School busing and geographical segregation
Cannon describes the reaction to school desegregation in her Raleigh, North Carolina, neighborhood. According to Cannon, the community was generally supportive of desegregation until the issue of busing surfaced. Cannon acknowledges here own mixed feelings about busing as a viable solution, while reiterating her support of civil rights in general. In discussing the issue of busing, Cannon focuses on issues of geographical segregation and its impact on changing race relations.
Citing this Excerpt
Oral History Interview with Isabella Cannon, June 27, 1989. Interview C-0062. Southern Oral History Program Collection (#4007) in the Southern Oral History Program Collection, Southern Historical Collection, Wilson Library, University of North Carolina at Chapel Hill.
Full Text of the Excerpt
- KATHRYN NASSTROM:
One thing I will ask you about, because other people I have interviewed
have spoken about the school integration aspect, which would then have
really been in the late 60's and early 70's, later
than the sort of voter registration drives you've just
described. Do you have a recollection of how your neighborhood or
Raleigh in general responded to the court orders for desegregation.
- ISABELLA CANNON:
Of course, there was a lot of opposition to it, but it always made sense
to me, and I was not really involved with that. I'm more
involved with the schools now than I had been, but I was not
particularly involved with the schools, and of course, the problems
became so difficult when the need for busing arose, and the opposition
arose to busing, but busing was the only way that integration could be
resolved. I live close to Oberlin, which was a wonderful black community
that is disappearing, and one that I would like to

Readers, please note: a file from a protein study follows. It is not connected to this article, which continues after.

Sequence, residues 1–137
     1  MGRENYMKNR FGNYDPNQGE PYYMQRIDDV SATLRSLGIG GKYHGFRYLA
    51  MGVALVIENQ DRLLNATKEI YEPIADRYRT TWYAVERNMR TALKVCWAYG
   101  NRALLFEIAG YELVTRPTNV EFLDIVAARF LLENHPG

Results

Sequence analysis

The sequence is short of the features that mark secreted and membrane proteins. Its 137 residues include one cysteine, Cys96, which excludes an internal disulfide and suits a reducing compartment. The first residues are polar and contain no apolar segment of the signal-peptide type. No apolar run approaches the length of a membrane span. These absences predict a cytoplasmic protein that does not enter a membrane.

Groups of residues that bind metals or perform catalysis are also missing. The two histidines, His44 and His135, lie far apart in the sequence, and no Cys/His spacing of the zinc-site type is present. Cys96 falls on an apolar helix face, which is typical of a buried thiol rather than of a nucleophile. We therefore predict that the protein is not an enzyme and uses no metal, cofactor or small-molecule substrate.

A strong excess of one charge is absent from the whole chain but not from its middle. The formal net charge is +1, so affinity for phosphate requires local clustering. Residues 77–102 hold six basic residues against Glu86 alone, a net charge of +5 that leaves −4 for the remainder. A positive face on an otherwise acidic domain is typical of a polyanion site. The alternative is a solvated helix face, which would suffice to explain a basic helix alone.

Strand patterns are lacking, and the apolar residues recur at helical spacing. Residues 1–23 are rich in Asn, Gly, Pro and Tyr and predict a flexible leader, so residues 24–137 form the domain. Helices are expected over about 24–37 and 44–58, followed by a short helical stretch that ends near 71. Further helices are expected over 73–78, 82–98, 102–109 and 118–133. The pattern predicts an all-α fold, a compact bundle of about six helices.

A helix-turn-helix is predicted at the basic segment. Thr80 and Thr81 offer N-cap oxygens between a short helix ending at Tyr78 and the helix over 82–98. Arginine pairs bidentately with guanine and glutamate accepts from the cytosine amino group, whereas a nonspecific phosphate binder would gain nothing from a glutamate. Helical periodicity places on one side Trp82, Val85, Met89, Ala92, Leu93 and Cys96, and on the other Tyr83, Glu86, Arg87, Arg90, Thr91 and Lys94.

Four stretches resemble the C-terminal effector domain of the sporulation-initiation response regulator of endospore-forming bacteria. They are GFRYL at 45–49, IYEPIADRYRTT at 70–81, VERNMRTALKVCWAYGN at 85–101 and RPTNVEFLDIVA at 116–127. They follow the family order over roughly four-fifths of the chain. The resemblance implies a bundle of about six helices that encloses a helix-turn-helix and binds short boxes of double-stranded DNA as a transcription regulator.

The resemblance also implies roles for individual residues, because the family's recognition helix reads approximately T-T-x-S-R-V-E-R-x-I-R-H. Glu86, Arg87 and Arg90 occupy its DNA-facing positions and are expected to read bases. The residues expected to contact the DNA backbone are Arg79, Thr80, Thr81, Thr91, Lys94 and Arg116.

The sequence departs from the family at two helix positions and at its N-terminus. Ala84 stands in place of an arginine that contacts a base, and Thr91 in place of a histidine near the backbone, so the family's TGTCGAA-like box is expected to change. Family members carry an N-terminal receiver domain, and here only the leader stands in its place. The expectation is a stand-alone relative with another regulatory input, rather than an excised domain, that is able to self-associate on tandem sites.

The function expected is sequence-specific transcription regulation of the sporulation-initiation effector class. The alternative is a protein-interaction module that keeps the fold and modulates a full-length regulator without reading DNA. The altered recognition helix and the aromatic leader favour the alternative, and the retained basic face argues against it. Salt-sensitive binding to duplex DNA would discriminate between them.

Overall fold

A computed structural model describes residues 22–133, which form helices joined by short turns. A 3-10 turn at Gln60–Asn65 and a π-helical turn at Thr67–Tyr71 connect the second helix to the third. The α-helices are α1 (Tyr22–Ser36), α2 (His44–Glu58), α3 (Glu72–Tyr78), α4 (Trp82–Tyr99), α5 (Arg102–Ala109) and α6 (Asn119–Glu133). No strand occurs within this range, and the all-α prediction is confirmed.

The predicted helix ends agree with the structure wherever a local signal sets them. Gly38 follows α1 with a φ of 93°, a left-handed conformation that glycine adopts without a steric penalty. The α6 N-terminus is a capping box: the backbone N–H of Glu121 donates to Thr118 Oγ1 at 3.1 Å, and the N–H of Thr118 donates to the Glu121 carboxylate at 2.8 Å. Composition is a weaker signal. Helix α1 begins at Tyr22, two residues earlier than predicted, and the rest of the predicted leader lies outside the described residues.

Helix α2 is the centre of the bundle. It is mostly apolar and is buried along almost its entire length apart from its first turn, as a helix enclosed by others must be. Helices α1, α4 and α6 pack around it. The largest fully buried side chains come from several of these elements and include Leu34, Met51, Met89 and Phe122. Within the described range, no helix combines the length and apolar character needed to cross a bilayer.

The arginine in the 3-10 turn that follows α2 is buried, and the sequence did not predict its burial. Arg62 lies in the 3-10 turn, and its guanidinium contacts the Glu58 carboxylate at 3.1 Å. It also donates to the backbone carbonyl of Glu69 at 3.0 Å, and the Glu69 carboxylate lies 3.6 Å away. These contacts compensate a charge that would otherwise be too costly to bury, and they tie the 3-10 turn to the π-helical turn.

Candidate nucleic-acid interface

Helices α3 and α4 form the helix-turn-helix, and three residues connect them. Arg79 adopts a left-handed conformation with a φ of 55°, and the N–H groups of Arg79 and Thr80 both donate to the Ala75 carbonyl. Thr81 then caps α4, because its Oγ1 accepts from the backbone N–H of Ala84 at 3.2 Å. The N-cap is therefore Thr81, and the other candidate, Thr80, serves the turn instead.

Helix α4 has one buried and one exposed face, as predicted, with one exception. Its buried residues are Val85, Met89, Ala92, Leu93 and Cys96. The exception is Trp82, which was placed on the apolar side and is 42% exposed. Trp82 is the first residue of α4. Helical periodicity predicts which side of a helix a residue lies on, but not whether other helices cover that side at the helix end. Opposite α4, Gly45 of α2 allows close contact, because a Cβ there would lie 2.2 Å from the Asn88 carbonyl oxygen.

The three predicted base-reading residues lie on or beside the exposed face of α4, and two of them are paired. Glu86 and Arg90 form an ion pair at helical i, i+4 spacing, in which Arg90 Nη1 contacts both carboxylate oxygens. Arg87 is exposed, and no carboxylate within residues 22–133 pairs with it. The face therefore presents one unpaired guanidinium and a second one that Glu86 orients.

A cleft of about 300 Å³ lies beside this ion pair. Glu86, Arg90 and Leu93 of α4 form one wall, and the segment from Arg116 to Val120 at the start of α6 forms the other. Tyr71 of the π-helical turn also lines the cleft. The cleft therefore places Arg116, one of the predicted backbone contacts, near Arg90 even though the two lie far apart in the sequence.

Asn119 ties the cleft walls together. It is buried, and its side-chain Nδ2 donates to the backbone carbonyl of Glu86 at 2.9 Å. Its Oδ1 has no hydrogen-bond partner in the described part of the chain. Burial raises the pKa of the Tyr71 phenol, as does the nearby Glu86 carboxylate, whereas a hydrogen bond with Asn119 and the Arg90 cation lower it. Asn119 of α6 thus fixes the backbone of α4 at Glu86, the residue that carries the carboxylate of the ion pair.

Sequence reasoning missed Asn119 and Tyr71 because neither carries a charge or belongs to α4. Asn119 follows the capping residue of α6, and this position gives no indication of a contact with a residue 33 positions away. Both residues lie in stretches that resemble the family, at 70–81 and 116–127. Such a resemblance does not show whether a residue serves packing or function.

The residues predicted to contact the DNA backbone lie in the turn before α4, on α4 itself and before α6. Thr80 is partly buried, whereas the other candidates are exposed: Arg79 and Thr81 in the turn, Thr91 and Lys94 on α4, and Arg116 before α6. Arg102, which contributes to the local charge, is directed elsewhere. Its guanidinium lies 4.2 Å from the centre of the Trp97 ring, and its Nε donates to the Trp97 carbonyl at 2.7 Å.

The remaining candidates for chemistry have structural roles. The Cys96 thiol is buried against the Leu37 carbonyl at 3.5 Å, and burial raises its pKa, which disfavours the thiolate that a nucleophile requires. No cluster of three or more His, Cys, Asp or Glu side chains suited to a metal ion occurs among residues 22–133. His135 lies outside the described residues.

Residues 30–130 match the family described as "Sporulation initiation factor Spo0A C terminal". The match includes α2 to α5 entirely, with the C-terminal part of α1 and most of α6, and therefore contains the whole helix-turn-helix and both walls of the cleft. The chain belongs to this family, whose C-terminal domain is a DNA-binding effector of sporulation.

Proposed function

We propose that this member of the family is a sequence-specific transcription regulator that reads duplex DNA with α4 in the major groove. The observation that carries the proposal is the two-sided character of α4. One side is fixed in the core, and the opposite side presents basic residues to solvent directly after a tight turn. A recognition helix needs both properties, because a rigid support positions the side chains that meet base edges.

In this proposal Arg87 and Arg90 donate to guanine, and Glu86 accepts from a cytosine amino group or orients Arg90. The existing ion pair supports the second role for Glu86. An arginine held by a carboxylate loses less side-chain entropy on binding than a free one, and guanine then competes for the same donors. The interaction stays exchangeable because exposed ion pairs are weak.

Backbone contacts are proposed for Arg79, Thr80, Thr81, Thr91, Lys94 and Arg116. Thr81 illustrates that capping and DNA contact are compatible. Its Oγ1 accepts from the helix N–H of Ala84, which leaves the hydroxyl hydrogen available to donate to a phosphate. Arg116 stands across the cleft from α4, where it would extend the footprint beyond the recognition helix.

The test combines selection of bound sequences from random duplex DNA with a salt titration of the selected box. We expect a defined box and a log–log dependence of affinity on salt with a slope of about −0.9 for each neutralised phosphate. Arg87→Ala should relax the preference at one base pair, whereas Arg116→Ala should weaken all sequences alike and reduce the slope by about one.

see saved from total disappearance. But here on Oberlin Road where black
churches and black schools and the children would go by in the buses
past white schools and go much farther to go to the black schools, and I
thought this was dreadful. I thought this was a very, very bad thing.
There are good things about neighborhood schools. People can walk to
school and don't have to depend on buses, but with our wide
spread - I think this may be particularly apropos in the
South - we are so spread out that your communities,
you've almost got to have busing to bring in a mix. I suppose
this is true in large cities, too, because people tend to, not
necessarily be in ghettos, but they're in neighborhoods of
like, either cultural backgrounds or it can be the nationalities or it
could be the black neighborhoods. So I suppose busing is the only thing
that could be done to resolve the problem, but it became and still is a
problem for the schools. I see it, though, as disappearing.
I'm out in the schools to a degree now, and I
don't see, and this may be surface, because I'm
not there all day, but I don't see the . . . I see an
acceptance. I see black young women becoming the leaders and being
elected President. Well, I don't think that could have
happened ten years ago or fifteen years ago, and so while there are many
steps yet to be taken, there is a movement forward into integration and
acceptance of other people. There will always be cultural differences
because you grow up in your own family and your own family background
and your own cultural background, and this is something to be cherished.
It should not be lost, but when people try to
eliminate those cultural differences and the richness of the heritage,
then I am disturbed. I want people to be able to live together, to be
able to work together, to accept each other, without holding against
them any differences. Acceptance of the differences is the important
thing, and I think we're making some progress.